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Methodists in Early Albion

The Methodists were the first congregation to organize in Albion and set the standard for church construction with their grand and glorious structures. Having a Methodist affiliated seminary in town greatly strengthened the local congregation. This brought a number of out of town guests who would come to visit the seminary, to visit the church, and who were interested in seeing Albion advance. In its heyday during the 19th and early 20th centuries, Albion served as home to many leaders in the Methodist Church who would rise to positions of prominence.

The earliest Methodist church meetings in Albion were most likely held in houses of the early settlers. Following construction of the Little Red Schoolhouse in 1837, services were held there by the Methodist, Baptist, Presbyterian, and Episcopalian congregations. Citing scheduling conflicts, the following year in 1838 a Meeting House was erected on the site where the Presbyterian Church now stands today.

After being given land to locate the Wesleyan Seminary in Albion in 1839, this fledgling institution managed to attract some remarkable individuals. The earliest leaders came from the east, oftentimes sharing similar academic pedigrees. Charles Stockwell was the first Principal of the Wesleyan Seminary. He studied at the Newbury Seminary in Vermont and later Dartmouth College. He taught at the Wesleyan Academy in Wilbraham, Massachusetts, before coming to Albion. Clark T. Hinman, the second Principal of the Wesleyan Seminary, graduated from the Wesleyan University in Middletown, Connecticut, and later taught at the Newbury Seminary in Vermont where Stockwell had studied. Stockwell tragically died en route to California in search of gold and was buried at sea. Hinman became the first President of Northwestern University, though died the following year of choleric dysentery on October 21, 1854.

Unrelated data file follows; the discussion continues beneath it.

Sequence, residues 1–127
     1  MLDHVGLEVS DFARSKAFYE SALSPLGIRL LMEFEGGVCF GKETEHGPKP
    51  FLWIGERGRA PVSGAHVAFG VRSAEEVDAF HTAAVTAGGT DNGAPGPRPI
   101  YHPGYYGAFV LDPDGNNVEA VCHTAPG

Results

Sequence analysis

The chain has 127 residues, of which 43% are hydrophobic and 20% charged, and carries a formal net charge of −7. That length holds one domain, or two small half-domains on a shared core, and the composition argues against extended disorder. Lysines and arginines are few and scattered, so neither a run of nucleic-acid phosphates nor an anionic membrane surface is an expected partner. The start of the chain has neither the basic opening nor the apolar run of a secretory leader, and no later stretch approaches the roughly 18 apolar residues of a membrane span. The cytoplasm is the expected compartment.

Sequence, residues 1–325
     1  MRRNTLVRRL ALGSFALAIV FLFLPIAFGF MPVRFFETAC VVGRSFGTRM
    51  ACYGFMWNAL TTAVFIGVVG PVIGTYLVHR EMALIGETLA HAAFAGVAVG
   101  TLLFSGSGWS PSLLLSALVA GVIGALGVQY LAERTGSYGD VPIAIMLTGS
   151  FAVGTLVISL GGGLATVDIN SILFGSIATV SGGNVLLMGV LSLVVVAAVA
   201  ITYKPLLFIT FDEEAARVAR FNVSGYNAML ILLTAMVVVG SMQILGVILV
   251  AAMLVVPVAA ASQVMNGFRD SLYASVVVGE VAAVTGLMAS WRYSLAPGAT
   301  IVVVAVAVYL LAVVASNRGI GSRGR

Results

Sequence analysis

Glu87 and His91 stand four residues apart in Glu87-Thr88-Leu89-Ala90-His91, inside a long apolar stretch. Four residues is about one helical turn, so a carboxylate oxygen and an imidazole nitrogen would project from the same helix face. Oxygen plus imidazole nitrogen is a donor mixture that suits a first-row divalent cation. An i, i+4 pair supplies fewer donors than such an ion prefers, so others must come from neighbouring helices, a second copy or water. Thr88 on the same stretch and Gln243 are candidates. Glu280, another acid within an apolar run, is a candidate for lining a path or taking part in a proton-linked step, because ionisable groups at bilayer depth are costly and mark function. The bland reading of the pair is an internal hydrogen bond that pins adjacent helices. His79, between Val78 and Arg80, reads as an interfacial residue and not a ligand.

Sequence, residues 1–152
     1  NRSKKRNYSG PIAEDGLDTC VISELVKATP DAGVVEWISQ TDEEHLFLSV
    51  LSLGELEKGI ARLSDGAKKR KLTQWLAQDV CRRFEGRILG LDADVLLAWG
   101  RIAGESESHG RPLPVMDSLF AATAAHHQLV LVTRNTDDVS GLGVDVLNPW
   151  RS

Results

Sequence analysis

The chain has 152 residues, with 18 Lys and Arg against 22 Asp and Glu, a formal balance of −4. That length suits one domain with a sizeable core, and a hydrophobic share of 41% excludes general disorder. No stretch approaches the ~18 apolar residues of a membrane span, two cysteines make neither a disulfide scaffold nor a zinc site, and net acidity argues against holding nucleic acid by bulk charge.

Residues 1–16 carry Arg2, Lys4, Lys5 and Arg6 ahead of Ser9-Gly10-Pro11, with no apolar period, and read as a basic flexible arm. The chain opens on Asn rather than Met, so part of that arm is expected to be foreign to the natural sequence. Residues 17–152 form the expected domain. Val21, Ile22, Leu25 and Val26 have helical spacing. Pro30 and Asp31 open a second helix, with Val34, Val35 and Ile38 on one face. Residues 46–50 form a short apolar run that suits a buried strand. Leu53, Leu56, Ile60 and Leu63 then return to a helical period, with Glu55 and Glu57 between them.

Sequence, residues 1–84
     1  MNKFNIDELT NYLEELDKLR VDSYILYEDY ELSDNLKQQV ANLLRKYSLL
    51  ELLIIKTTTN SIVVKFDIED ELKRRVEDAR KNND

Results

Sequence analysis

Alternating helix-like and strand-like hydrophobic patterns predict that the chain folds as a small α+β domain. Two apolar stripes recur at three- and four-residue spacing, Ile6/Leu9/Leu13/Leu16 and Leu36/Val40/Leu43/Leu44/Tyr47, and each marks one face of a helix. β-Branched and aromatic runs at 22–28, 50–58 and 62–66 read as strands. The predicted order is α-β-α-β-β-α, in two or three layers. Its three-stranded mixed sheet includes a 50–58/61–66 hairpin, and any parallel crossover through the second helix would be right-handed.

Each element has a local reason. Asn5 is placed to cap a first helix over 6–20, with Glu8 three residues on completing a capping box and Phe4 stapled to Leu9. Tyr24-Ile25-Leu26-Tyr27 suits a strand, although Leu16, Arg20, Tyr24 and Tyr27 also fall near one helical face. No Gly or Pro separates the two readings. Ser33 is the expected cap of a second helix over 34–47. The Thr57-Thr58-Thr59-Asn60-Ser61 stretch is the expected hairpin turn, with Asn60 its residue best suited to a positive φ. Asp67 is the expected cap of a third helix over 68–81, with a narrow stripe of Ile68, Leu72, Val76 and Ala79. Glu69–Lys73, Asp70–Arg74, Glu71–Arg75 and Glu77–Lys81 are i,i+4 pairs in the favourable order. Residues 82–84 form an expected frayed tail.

George Jocelyn, born in New Haven, Connecticut, would come to Albion and provide much stability as President.

Lewis Ransom Fiske with many academic accomplishments and titles, as well as being an ordained Methodist minister. He gained a master’s degree at the University of Michigan in 1850, and became a professor of chemistry at the Michigan Agricultural College in 1854. During that time he was ordained as a Methodist minister. From 1863 forward he filled pastorates at the Central Methodist Church in Detroit and also at Ann Arbor. Fiske received the degree of Doctor of Divinity from Albion College in 1873, and that of LL. D. in 1879. He accepted the presidency of Albion College in 1878. For the next two decades he faithfully served in that capacity. A fairly remarkable document remains, titled the Baccalaureate Addresses Delivered at Albion College by Lewis Ransom Fiske. These give a sense of the intellectual rigor of the times, as well as the blending of religious themes into instruction.

Returning to the history of the Methodist Church in Albion, during the pastorate of J.F. Davidson a brick building was started in 1849 on the corner of East Erie and Ionia Streets. This structure cost $9,000 and was dedicated by Bishop Morris in 1850 who presided over the Michigan Conference that was held in Albion.